The microelectronics industry has been steadily improving processing performance for many years, and each advance increases the transistor count and density. This trend is expected to continue as described by Moore’s Law with a consequence of increased heat dissipation per unit volume. Some modern microelectronics packages have localized volumetric heat generation exceeding 2 kW/cm3, which demands a thermal management system that provides sufficient global cooling and control of hot spots on the die. As modern electronics packages progress towards stacked integrated circuits and 3D transistor technologies, passive and active cooling techniques can take advantage of the device construction to use flow boiling in microchannels or pool boiling on structured surfaces to meet the increased cooling needs.
Nucleate boiling can provide high heat fluxes while maintaining the surface temperature. However heat transfer in boiling is generally limited by a critical heat flux (CHF) that is defined by a maximum heat removal before transitioning from nucleate to film boiling. In previous works, there have been several successful methods for delaying CHF, such as structured, acoustic interfacial excitation, and flow boiling. Many of these techniques can be further optimized by numerical simulation. The proposed research will numerically investigate arrays of small heaters with partitions and open microchannels to create localized boiling and provide flow control to prevent excessive coalescence of bubbles immediately over the heated surface and delay the transition to film boiling.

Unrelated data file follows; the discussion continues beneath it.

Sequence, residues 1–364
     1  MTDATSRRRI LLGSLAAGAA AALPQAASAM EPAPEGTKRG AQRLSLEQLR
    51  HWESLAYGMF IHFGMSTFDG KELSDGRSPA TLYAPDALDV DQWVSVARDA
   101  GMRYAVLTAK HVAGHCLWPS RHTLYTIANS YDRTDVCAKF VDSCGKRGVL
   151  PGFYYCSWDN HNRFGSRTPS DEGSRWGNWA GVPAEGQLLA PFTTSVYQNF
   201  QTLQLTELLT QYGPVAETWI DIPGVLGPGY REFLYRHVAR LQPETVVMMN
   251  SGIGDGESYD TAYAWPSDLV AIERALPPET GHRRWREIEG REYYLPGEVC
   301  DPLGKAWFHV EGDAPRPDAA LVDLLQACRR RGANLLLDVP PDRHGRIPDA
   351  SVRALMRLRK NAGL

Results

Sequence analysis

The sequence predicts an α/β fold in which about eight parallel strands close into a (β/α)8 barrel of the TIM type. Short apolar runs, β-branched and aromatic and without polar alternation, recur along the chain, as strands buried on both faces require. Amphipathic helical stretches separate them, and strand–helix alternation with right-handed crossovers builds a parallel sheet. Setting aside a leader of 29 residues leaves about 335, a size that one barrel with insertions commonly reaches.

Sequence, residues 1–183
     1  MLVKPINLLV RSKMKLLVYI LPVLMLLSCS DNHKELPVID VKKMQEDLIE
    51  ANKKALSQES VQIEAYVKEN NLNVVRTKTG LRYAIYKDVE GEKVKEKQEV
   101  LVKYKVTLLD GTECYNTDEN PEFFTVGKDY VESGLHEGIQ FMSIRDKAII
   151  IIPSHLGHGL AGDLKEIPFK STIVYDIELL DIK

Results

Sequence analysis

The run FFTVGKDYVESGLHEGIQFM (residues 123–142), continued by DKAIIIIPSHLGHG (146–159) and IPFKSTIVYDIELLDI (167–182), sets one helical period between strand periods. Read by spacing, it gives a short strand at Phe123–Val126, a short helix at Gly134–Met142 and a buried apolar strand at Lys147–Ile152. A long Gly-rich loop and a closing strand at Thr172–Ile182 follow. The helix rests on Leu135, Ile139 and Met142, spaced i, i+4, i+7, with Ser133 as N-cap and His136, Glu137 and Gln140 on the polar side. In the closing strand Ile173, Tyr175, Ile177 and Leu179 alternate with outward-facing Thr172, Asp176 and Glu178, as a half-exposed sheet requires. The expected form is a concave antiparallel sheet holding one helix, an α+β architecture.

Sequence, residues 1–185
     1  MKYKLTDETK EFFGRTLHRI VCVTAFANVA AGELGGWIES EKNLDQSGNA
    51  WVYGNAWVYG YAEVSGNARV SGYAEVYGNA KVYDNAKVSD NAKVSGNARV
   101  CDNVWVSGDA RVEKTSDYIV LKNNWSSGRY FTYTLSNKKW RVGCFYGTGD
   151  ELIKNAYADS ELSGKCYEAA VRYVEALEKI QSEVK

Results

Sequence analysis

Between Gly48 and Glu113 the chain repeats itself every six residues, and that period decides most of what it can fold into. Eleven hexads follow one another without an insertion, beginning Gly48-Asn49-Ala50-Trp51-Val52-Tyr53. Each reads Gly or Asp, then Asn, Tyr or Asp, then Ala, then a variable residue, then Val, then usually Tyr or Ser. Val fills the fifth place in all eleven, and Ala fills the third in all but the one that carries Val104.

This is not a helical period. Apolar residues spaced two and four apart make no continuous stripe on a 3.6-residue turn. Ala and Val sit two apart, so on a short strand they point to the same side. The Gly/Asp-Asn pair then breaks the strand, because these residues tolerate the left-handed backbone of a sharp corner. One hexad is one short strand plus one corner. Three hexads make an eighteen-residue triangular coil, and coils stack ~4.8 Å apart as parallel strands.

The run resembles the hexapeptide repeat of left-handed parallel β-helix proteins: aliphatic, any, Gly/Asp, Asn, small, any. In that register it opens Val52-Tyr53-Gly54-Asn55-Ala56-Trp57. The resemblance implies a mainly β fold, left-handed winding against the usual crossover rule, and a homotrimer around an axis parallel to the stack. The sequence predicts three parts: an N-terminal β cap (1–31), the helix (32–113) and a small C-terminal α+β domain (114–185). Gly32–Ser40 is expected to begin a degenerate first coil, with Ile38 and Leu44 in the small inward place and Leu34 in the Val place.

Many multiphase flow simulations have excessive run times, and to reduce this computational expense, parallel direct numerical simulations are being developed for multi-GPU architecture to handle larger domains to study dynamics of many bubbles in addition to single bubble dynamics. The numerical method uses lattice Boltzmann for the fluid flow solver, a particle level-set for interface tracking, and finite-differences for heat transfer. These numerical methods have been chosen since they are amenable to parallelization, and the particle level-set method provides better resolution of interfacial features than standard level-set methods. The simulations will be validated by comparing to experimental work already underway. The simulations will be used to identify improved methods of delaying CHF and management of hot spots and for optimization of heater surface designs.